At 40, Julie Sanders is a mother of three from Portland, Ore. But when she was 16, Sanders belonged to a white supremacist group — and one night in 1988, she found herself at the scene of a murder. Since then, she's kept the event a secret from most of her friends and family.
Michael Phelps leaves London with 18 gold medals and a record 22 total medals. He says that his plans for life after the Olympics include visiting some of the cities he's competed in — but outside the bubble of swim meets, for a change.
This weekend: Chris Rock explains how doing well has affected his humor and how "the most fun thing" is being a dad. Ken Tucker says Black Keys member Dan Auerbach works wonders as a producer. And Dean Norris on playing good in Breaking Bad.
Texas evangelist David Barton is not a historian, but his Christian-nation view of American history is wildly popular with conservative churches, universities and the GOP. His supporters call him a hero; his detractors say he's a danger.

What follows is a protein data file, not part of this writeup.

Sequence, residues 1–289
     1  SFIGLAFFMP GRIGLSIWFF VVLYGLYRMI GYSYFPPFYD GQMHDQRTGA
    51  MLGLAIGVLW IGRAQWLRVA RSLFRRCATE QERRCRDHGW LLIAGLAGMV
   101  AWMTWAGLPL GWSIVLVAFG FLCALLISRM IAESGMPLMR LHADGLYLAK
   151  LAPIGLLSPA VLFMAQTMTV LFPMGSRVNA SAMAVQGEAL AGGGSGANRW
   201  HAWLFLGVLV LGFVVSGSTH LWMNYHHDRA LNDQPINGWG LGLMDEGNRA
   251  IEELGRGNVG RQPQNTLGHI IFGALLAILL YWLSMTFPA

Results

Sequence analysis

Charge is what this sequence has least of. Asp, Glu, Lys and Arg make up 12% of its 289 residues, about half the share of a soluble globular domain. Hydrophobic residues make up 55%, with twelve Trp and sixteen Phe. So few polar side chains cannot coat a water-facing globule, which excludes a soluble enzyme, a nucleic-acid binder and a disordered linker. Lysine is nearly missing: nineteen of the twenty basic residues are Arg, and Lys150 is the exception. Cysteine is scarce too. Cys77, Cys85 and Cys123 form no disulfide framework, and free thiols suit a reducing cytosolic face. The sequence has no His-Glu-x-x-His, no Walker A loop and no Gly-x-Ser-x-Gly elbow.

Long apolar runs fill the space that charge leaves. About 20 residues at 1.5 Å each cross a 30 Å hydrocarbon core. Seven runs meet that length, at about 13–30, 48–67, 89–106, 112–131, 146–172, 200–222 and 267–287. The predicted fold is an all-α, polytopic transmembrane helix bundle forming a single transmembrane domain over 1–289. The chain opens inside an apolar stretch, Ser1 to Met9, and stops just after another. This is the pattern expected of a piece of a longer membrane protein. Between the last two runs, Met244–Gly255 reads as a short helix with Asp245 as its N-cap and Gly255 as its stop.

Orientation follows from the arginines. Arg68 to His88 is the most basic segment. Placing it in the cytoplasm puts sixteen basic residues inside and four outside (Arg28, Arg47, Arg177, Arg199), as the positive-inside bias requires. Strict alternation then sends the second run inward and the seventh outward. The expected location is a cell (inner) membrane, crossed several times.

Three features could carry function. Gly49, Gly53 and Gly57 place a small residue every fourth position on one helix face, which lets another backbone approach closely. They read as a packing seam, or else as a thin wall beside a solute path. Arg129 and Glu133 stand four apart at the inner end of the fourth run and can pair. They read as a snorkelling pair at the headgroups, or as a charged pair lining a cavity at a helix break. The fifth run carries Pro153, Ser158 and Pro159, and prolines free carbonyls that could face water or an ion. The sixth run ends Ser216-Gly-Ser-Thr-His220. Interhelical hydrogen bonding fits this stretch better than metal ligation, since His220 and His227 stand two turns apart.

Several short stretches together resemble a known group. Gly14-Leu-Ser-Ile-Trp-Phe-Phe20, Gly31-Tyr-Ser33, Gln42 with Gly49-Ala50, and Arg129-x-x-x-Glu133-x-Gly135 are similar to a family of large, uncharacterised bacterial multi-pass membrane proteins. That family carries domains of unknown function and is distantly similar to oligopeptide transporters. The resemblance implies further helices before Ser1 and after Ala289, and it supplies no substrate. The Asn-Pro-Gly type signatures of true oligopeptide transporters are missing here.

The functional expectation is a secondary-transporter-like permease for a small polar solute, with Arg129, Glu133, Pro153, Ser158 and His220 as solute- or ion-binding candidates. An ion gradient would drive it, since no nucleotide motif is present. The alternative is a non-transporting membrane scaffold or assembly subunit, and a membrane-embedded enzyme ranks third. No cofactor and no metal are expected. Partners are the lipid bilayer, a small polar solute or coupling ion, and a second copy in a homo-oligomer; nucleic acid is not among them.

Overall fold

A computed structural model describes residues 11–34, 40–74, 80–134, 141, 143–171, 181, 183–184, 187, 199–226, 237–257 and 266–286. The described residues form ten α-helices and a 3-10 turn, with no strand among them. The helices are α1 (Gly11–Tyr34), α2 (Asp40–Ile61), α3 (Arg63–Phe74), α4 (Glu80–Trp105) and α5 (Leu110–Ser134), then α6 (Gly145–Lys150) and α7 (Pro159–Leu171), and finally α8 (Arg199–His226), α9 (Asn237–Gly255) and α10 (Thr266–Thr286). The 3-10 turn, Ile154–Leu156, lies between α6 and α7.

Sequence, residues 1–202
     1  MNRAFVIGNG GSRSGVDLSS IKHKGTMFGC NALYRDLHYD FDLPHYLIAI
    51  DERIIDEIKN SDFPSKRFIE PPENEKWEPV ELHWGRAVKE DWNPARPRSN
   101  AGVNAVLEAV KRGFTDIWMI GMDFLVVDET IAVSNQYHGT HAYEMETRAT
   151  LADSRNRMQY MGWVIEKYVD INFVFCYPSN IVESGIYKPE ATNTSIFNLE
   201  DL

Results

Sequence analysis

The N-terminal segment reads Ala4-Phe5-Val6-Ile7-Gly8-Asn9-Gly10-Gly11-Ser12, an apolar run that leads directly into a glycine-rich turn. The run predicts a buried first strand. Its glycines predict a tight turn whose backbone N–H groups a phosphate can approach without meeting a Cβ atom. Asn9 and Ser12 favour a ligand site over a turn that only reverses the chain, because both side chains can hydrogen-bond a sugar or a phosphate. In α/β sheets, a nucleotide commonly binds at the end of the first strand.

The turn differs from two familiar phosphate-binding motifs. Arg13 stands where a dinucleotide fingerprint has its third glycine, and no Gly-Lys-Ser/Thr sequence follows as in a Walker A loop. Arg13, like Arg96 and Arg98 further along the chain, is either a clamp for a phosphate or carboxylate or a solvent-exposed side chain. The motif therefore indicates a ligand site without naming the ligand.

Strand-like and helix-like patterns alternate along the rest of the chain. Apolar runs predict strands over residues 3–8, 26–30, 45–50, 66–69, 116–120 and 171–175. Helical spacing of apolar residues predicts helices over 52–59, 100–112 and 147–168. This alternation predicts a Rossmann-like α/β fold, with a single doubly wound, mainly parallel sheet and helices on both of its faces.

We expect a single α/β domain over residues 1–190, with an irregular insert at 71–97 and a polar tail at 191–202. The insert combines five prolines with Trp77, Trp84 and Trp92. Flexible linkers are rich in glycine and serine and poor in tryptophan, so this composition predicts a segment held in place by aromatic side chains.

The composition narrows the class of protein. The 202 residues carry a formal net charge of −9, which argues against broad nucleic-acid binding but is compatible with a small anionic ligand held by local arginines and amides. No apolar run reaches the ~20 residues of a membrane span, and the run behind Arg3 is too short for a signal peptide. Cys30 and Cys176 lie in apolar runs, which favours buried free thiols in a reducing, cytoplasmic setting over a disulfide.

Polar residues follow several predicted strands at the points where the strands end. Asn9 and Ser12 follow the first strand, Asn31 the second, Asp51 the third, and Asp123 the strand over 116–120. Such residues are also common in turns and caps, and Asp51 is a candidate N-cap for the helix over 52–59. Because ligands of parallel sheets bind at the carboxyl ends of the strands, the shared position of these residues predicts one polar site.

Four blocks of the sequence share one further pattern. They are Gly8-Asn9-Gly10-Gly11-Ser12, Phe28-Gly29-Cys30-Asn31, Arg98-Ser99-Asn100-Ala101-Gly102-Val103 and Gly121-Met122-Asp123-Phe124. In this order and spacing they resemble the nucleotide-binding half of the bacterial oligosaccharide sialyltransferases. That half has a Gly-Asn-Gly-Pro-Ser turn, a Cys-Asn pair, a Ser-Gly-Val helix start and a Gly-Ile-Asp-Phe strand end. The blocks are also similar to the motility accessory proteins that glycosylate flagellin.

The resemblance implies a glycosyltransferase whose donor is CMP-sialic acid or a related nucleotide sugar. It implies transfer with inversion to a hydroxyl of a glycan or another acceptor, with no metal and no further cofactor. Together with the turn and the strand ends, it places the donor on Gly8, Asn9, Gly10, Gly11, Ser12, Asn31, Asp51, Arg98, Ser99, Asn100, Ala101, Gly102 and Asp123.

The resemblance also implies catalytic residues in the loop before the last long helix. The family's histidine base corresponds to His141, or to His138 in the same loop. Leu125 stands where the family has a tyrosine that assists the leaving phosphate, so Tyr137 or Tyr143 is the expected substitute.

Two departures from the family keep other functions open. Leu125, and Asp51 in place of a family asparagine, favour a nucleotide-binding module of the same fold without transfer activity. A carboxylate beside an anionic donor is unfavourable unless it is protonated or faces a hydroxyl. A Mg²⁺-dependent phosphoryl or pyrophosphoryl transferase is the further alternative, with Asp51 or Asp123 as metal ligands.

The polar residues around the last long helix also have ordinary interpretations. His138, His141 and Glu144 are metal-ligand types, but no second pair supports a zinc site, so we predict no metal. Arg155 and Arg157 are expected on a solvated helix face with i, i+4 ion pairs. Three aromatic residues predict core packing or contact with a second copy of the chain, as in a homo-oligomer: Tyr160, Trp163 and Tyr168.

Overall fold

Caitlin Moran explains How to Be a Woman. Two supermodels talk about what it's like to grow old in the HBO documentary About Face. And critic Milo Miles reviews the irresistible party music of Boban i Marko Markovic.
Bishop Leonard Blair talks about his Vatican-ordered assessment of the Leadership Conference of Women Religious, an organization that represents 80 percent of Catholic sisters in America. Sister Pat Farrell, the president of LCWR, responds.
Almost 30 years ago, Sally Ride broke the NASA gender barrier and became America's first female astronaut. While aboard the Challenger shuttle Ride used a robotic arm she helped design, to deploy and receive a satellite. She died Monday of pancreatic cancer, at age 61.
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